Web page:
Why Netflix has kicked ass

I propose three main reasons for Netflix rapid growth: (1) broad device and software architecture support, (2) contracts with top content producers, and (3) optimal timing with respect to scaling, product deployment and technology road mapping. I will outline the ways these three factors have contributed to Netflix growth below. 1. Broad device and software architecture support Netlflix supports a huge range of devices and operating systems. The astounding list includes: Windows and OSX, , ChromeOS, iOS, Android, and Windows Phone, Amazon Kindle, and Nook, which pretty much rounds out the entire PC, notebook, smartphone, and tablet markets. Netflix was also able to secure streaming capabilities in a wide array of Blue-ray players, and smart TV’s and set-top-boxes. Once you include XBox, Playstation, Nintendo Wii, 3D, WiiU, TiVO and Boxee, it’s hard to find a digital device that doesn’t support Netflix. Forbes reports that Playstation is the most used device…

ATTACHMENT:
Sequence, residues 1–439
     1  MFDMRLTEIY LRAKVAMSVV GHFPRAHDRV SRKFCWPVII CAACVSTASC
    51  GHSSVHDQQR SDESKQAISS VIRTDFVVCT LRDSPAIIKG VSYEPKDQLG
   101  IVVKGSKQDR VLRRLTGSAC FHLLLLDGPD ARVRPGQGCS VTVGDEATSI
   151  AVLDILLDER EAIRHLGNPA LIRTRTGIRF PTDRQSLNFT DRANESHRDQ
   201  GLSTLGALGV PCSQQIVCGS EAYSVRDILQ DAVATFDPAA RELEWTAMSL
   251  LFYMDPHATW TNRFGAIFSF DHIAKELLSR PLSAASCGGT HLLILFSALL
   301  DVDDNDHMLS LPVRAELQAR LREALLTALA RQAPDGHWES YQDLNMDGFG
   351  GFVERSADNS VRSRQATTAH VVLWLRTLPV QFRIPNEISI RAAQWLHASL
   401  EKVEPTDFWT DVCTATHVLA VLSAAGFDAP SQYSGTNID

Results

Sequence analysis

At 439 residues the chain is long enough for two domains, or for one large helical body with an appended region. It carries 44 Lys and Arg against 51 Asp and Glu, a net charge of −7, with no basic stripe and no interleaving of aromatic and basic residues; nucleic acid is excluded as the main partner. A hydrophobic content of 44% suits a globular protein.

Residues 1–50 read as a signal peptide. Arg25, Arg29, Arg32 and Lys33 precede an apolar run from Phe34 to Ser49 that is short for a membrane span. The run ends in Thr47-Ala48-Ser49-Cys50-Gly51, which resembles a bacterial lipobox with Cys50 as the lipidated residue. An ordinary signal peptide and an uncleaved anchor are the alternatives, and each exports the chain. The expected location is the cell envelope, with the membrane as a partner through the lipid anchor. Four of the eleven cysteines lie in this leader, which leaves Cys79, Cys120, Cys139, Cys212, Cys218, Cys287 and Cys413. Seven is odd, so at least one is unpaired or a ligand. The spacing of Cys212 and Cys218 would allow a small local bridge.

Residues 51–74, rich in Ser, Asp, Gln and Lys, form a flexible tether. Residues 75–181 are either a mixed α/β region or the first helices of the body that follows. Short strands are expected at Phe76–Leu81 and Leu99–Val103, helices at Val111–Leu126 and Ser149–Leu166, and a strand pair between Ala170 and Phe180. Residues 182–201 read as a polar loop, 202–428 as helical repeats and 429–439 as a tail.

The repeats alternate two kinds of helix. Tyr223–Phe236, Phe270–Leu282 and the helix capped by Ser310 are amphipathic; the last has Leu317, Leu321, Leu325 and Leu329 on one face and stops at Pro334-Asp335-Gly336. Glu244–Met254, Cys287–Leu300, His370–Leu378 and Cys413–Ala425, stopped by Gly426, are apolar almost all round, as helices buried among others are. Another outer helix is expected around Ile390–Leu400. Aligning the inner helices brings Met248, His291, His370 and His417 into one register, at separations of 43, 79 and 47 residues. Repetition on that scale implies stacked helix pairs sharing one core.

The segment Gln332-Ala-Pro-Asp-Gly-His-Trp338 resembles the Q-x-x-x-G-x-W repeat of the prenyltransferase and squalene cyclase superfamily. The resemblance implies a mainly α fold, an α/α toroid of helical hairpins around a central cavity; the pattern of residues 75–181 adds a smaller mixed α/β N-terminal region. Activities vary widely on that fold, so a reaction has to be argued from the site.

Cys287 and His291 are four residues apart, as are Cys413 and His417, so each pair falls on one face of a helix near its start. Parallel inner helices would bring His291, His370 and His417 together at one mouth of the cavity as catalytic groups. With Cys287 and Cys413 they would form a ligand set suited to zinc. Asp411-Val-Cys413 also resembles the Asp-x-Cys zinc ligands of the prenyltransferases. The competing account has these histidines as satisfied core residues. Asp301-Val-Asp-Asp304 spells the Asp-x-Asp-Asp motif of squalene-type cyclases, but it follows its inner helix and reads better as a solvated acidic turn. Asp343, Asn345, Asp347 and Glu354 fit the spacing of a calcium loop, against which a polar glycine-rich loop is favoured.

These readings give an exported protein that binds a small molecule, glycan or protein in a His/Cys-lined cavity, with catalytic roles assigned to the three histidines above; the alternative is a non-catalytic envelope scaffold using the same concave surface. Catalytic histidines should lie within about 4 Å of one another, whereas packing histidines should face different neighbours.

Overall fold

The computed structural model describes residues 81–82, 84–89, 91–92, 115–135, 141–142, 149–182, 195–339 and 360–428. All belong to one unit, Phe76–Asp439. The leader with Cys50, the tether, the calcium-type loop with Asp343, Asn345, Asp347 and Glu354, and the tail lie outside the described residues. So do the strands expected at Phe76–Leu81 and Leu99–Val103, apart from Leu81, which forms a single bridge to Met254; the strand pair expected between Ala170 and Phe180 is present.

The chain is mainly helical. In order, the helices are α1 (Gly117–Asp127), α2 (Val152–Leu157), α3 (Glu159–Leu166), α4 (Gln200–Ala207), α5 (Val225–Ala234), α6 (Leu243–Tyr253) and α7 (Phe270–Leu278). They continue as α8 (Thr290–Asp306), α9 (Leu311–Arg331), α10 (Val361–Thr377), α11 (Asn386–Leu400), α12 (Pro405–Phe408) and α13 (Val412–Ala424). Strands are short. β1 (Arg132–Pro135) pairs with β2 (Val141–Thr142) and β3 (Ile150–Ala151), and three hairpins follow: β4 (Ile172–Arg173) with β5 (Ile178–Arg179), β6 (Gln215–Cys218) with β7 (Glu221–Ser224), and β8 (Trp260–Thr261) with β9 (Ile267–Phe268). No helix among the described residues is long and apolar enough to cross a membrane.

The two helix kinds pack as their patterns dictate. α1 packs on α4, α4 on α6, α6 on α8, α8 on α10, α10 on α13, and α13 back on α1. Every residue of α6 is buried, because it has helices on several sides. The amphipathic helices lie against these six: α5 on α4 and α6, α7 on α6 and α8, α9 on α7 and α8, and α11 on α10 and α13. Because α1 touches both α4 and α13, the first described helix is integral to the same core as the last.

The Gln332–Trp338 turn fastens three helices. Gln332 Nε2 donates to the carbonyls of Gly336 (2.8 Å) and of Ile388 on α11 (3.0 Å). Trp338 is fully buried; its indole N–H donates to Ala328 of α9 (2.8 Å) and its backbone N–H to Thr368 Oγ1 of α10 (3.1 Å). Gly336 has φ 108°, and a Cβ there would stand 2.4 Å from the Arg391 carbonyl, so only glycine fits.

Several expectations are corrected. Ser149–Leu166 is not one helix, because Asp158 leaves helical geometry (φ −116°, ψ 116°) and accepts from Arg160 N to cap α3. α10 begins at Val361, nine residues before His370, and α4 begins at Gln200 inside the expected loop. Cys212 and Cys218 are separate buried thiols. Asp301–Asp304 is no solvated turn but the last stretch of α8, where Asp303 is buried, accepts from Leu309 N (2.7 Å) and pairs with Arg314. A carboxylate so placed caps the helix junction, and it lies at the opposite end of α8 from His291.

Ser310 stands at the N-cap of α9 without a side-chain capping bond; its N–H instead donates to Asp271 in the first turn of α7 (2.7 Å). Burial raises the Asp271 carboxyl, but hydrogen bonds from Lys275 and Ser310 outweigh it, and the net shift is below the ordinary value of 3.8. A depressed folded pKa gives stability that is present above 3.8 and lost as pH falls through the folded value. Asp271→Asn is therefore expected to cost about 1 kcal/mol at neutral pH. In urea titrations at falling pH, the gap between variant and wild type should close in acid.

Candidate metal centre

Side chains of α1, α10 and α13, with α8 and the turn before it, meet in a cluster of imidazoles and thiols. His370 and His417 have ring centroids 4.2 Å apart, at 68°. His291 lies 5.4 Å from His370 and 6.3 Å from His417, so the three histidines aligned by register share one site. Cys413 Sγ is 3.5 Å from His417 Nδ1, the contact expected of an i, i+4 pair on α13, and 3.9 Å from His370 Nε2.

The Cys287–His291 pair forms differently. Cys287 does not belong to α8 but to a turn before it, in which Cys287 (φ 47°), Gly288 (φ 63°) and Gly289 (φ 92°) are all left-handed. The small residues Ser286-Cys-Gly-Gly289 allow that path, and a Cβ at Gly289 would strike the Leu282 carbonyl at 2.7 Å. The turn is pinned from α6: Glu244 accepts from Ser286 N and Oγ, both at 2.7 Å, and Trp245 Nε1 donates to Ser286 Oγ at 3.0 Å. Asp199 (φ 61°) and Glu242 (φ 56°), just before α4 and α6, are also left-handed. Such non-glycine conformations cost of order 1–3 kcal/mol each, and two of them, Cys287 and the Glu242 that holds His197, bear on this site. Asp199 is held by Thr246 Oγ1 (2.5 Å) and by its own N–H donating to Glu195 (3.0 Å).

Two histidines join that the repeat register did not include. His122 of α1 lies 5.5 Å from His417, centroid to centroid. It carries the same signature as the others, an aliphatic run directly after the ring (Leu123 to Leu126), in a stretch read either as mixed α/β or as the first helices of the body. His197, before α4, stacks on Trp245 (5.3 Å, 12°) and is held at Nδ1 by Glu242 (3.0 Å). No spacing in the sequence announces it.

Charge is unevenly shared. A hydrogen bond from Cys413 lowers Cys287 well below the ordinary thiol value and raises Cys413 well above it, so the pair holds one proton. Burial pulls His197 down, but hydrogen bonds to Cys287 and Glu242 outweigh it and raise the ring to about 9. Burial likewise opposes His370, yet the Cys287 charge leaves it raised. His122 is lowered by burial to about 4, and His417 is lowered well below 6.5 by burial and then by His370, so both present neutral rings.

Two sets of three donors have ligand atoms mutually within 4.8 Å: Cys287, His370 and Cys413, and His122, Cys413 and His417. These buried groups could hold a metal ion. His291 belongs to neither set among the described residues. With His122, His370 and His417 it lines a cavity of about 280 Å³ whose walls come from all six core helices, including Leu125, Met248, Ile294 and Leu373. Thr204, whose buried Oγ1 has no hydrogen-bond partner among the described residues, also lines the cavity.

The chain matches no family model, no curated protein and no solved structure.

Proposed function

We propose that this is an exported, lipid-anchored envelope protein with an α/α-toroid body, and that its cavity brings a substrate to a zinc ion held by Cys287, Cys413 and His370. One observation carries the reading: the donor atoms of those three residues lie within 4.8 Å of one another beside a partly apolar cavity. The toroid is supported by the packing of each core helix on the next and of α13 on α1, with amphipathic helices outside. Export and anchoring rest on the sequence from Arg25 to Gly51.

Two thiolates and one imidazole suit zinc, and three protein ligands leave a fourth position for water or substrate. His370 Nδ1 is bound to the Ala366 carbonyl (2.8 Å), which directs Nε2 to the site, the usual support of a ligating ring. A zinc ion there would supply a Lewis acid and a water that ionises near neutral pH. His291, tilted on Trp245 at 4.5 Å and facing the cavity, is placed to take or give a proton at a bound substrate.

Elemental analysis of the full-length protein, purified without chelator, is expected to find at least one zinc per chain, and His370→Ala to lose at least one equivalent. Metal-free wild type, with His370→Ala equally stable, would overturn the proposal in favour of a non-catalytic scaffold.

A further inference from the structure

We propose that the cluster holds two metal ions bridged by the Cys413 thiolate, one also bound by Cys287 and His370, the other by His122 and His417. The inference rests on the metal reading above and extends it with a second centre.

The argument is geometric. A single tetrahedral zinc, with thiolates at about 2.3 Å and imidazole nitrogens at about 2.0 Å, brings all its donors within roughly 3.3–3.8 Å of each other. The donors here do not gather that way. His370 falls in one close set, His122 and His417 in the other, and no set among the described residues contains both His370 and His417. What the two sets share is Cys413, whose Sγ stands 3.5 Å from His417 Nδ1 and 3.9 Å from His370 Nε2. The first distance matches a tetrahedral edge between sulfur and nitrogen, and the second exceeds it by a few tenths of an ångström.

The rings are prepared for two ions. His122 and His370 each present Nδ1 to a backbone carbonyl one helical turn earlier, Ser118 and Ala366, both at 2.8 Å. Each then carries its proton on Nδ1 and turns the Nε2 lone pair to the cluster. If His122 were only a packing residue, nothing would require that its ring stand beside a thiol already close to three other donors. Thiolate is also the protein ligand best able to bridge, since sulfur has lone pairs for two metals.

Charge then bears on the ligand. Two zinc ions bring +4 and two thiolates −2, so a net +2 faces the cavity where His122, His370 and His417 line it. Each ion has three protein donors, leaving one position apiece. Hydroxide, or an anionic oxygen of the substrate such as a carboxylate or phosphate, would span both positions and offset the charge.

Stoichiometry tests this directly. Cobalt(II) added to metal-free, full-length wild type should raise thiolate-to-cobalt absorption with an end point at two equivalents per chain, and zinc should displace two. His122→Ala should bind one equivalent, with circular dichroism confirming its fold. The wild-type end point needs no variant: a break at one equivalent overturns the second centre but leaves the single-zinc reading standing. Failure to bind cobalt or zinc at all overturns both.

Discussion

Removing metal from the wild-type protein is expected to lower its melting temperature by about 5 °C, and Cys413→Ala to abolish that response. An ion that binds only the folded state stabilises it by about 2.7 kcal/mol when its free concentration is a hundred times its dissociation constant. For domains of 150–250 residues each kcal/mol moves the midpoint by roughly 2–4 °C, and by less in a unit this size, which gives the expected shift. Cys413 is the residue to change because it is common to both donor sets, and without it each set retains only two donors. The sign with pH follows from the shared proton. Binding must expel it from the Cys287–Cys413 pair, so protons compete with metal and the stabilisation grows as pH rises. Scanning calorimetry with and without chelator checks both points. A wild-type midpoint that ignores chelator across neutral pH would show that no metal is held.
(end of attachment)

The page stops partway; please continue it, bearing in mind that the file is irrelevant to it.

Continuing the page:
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What are the big TV networks scared of most?

Major TV networks in several cases have been acquired by or merged with cable providers. Their business model is heavily integrated with cable and internet service. With respect to internet technology, their biggest fear may be the realization of a technology race coined “The Last Mile” (Cordeiro, 2003). The goal of ‘the last mile’ is for telecoms to deliver broadband wireless internet to homes. Intel had plans to help make that happen with WiMax but luckily for ISP’s have come up short so far. If telecoms were to successfully develop a superior last mile solution, consumers may switch from Comcast or AOL cable internet to Verizon or AT&T. So, wireless broadband is a potentially disruptive technology for cable service providers (Goodwins, 2005; The Economist 2002). With respect to online video content being a disruptive technology, TV networks biggest fear may that global broadband penetration, significant improvements in broadband speeds and…

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